1603 Reference to the cutting of hollins in "Baldersden Gladen" -the land of Edmund Laithwaite (Bordsen Wood). Chet.Soc.NS77
In the Reign of
James I Will of Adam Pendlebury (farm in School Street and Red Lion) makes very early mention of cotton being woven locally.
1622 Thomas Richardson (son of Richard Rogerson) listed as "Gentleman" on the Subsidy Roll. Lancs & Chesh. Rec.Soc.12
In the Reign of
Charles I Letters between Rigby of Kenyon Hall, Hulton of the Park, and Browne of Brinsop.... (Cousins). DD/Ke LRO
1633 Richard Laithwaite's petition to the Justices in keep "Bellwards and their Beares" to the King's Highways and prohibit their taking short cuts (via Dobb Brow). QSR in LRO
1641 List of the adult male population of the town, who "took the Protestation"
1642 Battle of Westhoughton Common: Royalist (Wigan) victory. Parliamentarians (Bolton) defeat. Captain Risley Browne and Lieutenant Peter Rylands were taken prisoner. Chet.Soc.NS11-Chet.Soc.LX11-Anderton Papers
Cm/wealth Land and house in Failsworth settled on John Richardson on his marriage to Ruhanna, daughter of Henry Molyneux of Westhoughton, gentleman. He was a manufacturer, an organiser of cottage industry, a man of some wealth. He lived in Daisy Hill. Chet.Soc.NS44
In the Reign of
Charles II William Leigh was one of the two High Constables for Salford Hundred. Lancs & Chesh.Rec.Soc.121
1662 Will of Henry Molyneux
1663 Will of Peter Rylands; he was a Parliamentary Sequestrator during the Commonwealth and lived locally.
 Hearth Tax  1664  1666
 William Worthington Esq.  6 hearths   6 hearths
 Raphe Browne, gentleman  3 “   5 “
 William Leigh, gentleman  3 “   4 “
 Nathaniel Molyneux  6 “   6 “
 Adam Hulton de Park  8 “   9 “
 Bolton Ref.Lib.    
1668 Raphe Brown was one of two High Constables for Salford Hundred Lancs & Chesh.Rec.Soc.121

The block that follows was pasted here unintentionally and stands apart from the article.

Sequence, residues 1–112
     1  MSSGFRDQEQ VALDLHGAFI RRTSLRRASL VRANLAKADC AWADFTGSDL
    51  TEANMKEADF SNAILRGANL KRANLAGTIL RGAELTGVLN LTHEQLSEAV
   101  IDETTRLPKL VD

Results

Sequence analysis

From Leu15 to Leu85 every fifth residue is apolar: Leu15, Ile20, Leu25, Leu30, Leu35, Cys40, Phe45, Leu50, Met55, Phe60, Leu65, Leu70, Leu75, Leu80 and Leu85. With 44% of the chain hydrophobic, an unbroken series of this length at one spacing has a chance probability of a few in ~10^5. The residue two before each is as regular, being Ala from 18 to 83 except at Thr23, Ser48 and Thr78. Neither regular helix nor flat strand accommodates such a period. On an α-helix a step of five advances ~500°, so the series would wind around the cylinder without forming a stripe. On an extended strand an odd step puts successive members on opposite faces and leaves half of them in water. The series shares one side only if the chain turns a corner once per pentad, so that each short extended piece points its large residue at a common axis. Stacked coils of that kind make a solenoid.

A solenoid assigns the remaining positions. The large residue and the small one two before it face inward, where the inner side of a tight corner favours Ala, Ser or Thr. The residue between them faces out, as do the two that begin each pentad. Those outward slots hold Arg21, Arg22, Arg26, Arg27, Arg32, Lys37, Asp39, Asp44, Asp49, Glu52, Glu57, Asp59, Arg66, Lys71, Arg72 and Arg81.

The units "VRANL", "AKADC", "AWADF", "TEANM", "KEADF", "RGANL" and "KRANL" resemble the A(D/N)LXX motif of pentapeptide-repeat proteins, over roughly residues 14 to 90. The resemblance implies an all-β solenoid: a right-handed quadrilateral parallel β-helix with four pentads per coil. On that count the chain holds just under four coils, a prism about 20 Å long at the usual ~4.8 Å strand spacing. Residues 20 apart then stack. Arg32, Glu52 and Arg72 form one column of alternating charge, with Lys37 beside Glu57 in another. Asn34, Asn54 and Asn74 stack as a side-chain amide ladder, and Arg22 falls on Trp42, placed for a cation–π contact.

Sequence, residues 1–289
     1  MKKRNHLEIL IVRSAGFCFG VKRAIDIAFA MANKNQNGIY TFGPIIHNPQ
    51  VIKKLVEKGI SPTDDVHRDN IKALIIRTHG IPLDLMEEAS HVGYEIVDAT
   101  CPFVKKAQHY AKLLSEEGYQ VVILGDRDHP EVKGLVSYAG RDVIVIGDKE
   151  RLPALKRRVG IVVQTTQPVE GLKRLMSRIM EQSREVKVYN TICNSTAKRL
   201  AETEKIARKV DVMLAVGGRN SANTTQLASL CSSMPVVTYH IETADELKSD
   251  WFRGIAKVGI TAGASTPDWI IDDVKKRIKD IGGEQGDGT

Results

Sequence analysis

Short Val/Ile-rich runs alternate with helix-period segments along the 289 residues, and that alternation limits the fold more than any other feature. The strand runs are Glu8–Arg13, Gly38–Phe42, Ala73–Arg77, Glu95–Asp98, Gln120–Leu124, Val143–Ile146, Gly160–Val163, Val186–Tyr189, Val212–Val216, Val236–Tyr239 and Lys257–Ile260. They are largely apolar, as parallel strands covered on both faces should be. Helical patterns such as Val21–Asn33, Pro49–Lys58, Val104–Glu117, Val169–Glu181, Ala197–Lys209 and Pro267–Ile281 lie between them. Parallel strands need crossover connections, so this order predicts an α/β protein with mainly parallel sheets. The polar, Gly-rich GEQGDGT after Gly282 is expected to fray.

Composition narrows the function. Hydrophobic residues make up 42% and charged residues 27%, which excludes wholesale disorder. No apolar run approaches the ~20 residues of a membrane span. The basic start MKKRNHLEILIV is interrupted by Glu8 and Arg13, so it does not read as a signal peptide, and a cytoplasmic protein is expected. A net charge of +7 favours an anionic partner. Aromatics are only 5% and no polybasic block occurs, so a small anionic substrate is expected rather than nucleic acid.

1678 Assessment for the Pole Money (List of those paying Poll Tax): excerpt: everyone else paid 1s.0d per head
 Two maids Herst att Brinsop  2s.0d
 Nathaniel Molyneux Gent  
 His wife and 2 children 1£. 1s.0d 
 Raphe Brown Gent  
 His wife and 2 children 5£. 4s.0d 
 William Worthington Gent  
 His wife and 3 children 1£. 5s.0d 
 William Leigh  
 His wife and 3 children 1£. 5s.0d 
1681 John Johnson one of the High Constables for Salford Hundred Lancs & Chesh.Rec.Soc.121
1685 Agreement between Mr Worthington and Mr Hulton that the latter should have the right to mine all coal between Snydale and Wingates
In the Reign of
James II The "two maids Herst" at Brinsop were indicted for witchcraft: but the Petitioner (Roger Gregory) could not produce witnesses willing to give evidence against them. QSR in LRO
In the Reign of
William & Mary
  Jacobite Trials : Henry Hulton of Hulton, served on the Grand Jury Chet.Soc.XXV111
In the Reign of
Queen Anne Public Subscription to raise £300 to provide a House for the Parson (Vicar) DD/Ke
1714 Will of Nathaniel Molyneux, a man of some wealth, whose marriage to Margaret Bootle resulted in his property passing to the Bootle-Wilbrahams, now Lord Skelmersdale. His daughter Ellen Molyneux married James Rogers of Rogers Farm, Daisy Hill, and their descendents were "Gentlemen of Ardwick".
In the Reign of
George I Enclosure of Commons & Waste. After attempts in 1630 and 1685 to enclose by agreement, and much acrimonious correspondence between the most substantial landowners, the Commons were enclosed by Act of Parliament. William Worthington was named as Lord of the Manor. William Leigh is Collector of Tythes. DD.Hu/38 - Act of Parliament -Enclosure Award & Maps.
In the Reign of
George II A new chapel replaced the thatched Westhoughton Chapel
1744 On the bankruptcy of William Worthington, the Manor of Snydale was bought by Starkie of Huntroyd, which family still owns the land but does not exercise manorial rights.
1745 Dec 10th...Eye witness account of the retreat of Bonnie Prince Charlie's forces, north from Manchester via Four Lane Ends in Hulton (via the present A6 Road). Lancashire Diarists by JJ Bagley.
1753 The Manchester-Adlington Road was turnpiked: there was a gate and tollbar at Fourgates (between the school and Dicconson Lane).
1760 Reference in the Atherton Poor Law Records: George Gregory of Westhoughton, tailor, took an apprentice from the Overseers of the Poor.
In the Reign of